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Problems With the Throttle Body on the Chevy 8.1 L V8

by Horacio Garcia

The Chevrolet 8.1-L V8 engine has reports of throttle body problems affecting the operation of the engine. The throttle body acts as carburetor in the 8.1-L V8, which controls the amount of air allowed into the engine body. The amount of air alters the amount of fuel allowed into the cylinders, affecting the amount of power the engine provides.

Carbon Buildup

The Chevy 8.1-L V8 engine has a problem with carbon building up in the throttle body. This carbon problem makes the throttle body valve stick in place. This allows too much air into the engine cylinders, causing the engine to misfire. Once more air is permitted into the engine, more fuel is allowed to enter the cylinder heads. More fuel gives the engine more power when this power is not required.

Electronic Throttle Control

The electronic throttle control in the Chevy 8.1-L V8 engine can lose the signal between the accelerator pedal and throttle body. The throttle control normally sends a signal from the gas pedal and into the throttle body, telling it how much power is required. Once this signal is interrupted, the throttle body does not work correctly. The electronic throttle control needs to be replaced once this problem occurs.

Vacuum Leak

A hose runs on both ends of the throttle body of a Chevy 8.1-L V8 engine. These hoses are sealed with connections that can leak, causing a vacuum leak. Once the hoses begin to leak, air is released into the engine compartment and not into the engine. This loss of air causes the 8.1-L V8 engine to miss or stall.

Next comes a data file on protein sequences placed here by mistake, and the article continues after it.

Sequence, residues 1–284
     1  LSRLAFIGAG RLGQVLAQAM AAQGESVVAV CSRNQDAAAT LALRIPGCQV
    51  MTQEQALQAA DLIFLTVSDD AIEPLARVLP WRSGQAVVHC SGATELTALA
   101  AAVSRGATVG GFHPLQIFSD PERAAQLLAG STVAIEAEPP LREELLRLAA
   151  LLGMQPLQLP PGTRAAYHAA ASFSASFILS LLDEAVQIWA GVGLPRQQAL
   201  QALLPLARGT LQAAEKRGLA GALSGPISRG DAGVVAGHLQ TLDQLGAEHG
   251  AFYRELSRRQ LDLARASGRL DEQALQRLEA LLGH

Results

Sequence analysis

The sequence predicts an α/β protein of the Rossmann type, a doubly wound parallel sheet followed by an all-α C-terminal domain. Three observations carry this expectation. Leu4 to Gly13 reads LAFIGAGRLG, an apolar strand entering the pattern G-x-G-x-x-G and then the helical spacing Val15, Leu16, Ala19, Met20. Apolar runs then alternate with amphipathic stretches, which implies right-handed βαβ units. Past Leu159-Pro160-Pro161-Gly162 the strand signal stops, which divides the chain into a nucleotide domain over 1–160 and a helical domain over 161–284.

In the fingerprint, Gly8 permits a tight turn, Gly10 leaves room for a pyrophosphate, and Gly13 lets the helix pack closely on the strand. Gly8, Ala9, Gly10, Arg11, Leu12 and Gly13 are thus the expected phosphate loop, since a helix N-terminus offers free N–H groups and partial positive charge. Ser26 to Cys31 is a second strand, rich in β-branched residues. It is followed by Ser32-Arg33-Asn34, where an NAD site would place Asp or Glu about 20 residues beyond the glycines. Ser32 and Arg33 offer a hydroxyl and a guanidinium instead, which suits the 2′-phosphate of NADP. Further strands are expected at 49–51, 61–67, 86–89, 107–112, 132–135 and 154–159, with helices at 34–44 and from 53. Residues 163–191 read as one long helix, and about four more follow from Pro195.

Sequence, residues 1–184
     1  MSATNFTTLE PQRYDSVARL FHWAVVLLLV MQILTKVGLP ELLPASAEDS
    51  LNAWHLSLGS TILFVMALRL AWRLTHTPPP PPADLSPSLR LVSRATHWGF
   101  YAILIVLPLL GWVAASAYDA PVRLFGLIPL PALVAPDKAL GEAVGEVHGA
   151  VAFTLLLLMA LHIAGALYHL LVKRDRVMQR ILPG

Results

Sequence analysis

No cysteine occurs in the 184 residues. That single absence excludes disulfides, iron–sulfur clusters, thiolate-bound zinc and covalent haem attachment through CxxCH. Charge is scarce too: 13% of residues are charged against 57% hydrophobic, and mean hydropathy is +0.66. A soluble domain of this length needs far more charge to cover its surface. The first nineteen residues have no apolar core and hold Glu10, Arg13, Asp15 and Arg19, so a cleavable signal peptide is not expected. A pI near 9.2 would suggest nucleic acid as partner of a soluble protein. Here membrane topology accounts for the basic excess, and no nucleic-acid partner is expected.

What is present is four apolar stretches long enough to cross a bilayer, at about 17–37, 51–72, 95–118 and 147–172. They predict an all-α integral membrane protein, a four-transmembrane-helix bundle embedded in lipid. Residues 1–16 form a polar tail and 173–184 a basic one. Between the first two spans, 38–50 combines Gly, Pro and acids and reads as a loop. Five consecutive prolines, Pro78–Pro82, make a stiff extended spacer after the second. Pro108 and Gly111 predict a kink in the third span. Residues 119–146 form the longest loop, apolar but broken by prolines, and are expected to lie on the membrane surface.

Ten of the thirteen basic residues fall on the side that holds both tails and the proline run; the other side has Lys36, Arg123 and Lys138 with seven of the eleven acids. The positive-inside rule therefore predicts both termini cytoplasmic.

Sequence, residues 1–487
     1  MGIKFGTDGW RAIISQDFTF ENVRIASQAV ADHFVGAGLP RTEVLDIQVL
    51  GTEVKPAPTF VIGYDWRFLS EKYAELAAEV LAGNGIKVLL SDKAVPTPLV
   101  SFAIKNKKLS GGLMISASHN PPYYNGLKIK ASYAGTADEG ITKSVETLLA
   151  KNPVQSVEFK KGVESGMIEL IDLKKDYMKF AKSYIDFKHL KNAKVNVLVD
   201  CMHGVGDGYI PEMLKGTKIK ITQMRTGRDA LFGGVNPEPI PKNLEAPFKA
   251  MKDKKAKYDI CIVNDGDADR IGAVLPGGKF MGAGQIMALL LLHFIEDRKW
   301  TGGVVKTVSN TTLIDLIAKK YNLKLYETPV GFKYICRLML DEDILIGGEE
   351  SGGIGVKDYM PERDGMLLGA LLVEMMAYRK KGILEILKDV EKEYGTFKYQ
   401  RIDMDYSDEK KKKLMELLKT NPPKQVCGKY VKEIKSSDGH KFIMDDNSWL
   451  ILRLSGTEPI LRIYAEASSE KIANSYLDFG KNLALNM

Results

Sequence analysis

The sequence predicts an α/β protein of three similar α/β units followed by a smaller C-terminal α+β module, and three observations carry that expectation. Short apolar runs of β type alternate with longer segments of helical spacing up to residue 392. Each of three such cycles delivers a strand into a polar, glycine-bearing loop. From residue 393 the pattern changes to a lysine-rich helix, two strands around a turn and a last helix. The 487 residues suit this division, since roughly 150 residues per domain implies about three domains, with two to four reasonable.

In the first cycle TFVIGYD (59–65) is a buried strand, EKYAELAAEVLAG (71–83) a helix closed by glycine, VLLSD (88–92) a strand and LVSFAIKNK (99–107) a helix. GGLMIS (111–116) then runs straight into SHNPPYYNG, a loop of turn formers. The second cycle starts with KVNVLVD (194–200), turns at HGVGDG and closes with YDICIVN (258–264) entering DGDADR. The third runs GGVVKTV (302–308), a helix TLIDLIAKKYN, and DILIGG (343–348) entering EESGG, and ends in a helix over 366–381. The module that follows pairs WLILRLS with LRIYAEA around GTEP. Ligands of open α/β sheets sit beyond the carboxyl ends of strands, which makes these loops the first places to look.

Spindle Body Breaks

The throttle body valve opens and closes on a Chevy 8.1L V8 engine and works on a spindle. When this spindle body is breaking, it prevents the throttle body valve from opening and allowing more air into the engine. Once air is prevented from entering the engine, less gasoline is allowed into the cylinders. Less fuel means the engine has less power than it requires at times.

About the Author

Horacio Garcia has been writing since 1979, beginning his career as the spokesperson for Trinity Broadcast Network. Within 10 years Garcia was being called upon to write speeches and scripts for several state and federal congressmen, local broadcast networks and publications such as "Readers Digest." He received his bachelor's degree in public relations from Argosy University.

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